Oldest meal on record dates back half a billion years
The remains of the oldest meal on record have been identified. In fossils of a strange slug-like creature called Kimberella, which lived half a billion years ago, scientists have found food molecules preserved in the gut, revealing what and how these ancient animals ate.
The Ediacaran period is when evolution really branched out and started experimenting with complex, multicellular life about 550 million years ago. Some of our oldest animal ancestors date back to this time, and they shared the world with some truly bizarre creatures unlike anything alive today. But details on how these animals lived are scarce.
In the new study, researchers at the Australian National University (ANU) investigated the eating habits of Kimberella, one of the most advanced lifeforms of its time. It looked a bit like a mollusk, with a shell-like outer body that could grow up to 15 cm (6 in) long.
In fossilized Kimberella specimens dating back 558 million years, the ANU team detected molecules of phytosterol preserved in its middle. This molecule is a type of fat found in plants, indicating it was the remains of the animals’ last meal. The larger implication of the find is that Kimberella had a mouth and a gut – quite innovative features for its time – and digested food in a similar way to modern animals.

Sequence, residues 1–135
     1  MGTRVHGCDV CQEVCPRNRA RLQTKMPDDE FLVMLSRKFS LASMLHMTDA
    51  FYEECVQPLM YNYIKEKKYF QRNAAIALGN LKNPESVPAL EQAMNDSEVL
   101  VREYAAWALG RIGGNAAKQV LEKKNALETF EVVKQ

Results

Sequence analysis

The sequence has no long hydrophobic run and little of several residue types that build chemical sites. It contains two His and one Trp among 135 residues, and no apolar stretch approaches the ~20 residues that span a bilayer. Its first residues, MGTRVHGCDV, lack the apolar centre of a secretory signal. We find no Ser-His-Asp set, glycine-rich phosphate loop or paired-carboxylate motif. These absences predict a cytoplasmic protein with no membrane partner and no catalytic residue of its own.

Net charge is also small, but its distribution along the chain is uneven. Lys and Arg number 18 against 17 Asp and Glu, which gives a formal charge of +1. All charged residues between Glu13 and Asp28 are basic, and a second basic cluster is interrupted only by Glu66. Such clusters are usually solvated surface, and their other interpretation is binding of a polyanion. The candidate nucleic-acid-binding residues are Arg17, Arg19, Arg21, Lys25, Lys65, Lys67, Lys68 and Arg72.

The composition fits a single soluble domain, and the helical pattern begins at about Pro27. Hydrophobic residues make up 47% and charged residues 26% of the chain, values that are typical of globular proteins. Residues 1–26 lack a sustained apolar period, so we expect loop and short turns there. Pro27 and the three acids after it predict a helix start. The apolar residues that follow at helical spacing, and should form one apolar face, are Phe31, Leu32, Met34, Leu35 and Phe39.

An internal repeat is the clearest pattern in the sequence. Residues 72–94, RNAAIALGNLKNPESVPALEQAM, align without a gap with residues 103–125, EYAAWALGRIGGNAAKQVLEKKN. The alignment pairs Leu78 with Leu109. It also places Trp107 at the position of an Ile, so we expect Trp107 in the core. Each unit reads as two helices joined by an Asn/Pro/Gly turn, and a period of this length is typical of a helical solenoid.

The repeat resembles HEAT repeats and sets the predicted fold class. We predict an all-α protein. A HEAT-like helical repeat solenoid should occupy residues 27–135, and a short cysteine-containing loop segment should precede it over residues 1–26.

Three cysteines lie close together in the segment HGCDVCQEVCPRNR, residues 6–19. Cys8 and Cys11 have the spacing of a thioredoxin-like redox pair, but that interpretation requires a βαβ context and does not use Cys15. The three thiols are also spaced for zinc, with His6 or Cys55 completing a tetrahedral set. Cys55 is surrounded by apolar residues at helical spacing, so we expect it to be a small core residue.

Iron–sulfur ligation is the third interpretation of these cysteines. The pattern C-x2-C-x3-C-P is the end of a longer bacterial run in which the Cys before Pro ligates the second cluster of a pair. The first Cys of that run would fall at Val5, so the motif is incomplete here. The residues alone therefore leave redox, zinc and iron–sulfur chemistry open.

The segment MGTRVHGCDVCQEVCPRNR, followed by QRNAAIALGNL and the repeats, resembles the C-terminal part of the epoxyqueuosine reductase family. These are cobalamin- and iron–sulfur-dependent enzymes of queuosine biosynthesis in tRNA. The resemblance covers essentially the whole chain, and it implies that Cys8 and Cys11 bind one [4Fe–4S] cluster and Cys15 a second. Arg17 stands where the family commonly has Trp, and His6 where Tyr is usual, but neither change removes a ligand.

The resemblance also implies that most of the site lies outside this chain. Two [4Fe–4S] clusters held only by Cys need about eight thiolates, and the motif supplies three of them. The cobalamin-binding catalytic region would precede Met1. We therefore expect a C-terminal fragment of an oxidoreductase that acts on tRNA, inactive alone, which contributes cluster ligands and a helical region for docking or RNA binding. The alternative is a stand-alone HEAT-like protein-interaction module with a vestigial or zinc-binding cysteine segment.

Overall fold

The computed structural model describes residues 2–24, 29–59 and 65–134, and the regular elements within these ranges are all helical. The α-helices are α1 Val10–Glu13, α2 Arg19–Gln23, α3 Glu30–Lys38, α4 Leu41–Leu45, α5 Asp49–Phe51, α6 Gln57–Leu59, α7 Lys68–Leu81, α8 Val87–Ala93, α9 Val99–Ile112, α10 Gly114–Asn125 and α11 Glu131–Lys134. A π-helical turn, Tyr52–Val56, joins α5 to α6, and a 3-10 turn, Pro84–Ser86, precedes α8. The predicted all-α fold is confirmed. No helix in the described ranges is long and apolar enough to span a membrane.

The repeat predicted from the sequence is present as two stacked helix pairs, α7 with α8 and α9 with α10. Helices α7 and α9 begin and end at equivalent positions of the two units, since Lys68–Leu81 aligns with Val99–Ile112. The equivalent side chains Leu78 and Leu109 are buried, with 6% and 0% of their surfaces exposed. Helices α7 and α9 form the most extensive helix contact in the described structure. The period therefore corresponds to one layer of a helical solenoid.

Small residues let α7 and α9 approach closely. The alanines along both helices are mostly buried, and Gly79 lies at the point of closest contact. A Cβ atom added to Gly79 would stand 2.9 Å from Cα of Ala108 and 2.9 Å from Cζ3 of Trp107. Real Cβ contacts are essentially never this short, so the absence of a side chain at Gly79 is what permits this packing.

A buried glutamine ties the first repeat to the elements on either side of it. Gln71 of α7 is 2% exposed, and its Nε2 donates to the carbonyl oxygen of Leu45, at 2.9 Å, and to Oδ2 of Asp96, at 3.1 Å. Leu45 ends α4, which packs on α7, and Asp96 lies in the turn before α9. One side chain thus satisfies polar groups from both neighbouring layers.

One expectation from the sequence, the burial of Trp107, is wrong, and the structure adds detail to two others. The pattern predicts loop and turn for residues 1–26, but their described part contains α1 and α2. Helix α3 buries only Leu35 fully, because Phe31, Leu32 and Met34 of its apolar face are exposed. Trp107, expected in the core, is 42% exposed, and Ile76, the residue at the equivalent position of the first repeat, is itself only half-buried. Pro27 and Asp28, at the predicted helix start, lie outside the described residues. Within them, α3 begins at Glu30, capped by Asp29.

“Scientists already knew Kimberella left feeding marks by scraping off algae covering the sea floor, which suggested the animal had a gut,” said Professor Jochen Brocks, co-author of the study. “But it was only after analyzing the molecules of Kimberella's gut that we were able to determine what exactly it was eating and how it digested food. Kimberella knew exactly which sterols were good for it and had an advanced fine-tuned gut to filter out all the rest.”
Most intriguingly, the team applied the same techniques to Kimberella’s contemporaries and found hints of other digestive techniques. A tube-worm-like creature called Calyptrina shared a similar gut structure and diet, but no sterol molecules were found in fossils of Dickinsonia. This animal looked like a large, ribbed pancake, growing up to 1.4 m (4.6 ft) long, and the team says it seemed to have no mouth or gut. Instead it likely absorbed food through its wide body as it moved around the seafloor.
The study helps scientists track the evolution of the earliest animals, and how they relate to their deep descendants today.
The research was published in the journal Current Biology.
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